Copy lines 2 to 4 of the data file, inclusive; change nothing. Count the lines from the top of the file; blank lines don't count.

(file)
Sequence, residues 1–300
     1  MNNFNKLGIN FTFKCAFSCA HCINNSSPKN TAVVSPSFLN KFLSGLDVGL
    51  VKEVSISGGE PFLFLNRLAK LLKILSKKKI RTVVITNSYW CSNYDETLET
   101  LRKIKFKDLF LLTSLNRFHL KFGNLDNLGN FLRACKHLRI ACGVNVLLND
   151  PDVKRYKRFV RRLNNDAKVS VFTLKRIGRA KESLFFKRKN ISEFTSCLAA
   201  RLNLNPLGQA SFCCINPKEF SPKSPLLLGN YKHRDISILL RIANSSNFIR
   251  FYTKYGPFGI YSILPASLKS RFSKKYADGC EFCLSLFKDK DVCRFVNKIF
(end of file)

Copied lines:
     1  MNNFNKLGIN FTFKCAFSCA HCINNSSPKN TAVVSPSFLN KFLSGLDVGL
    51  VKEVSISGGE PFLFLNRLAK LLKILSKKKI RTVVITNSYW CSNYDETLET
   101  LRKIKFKDLF LLTSLNRFHL KFGNLDNLGN FLRACKHLRI ACGVNVLLND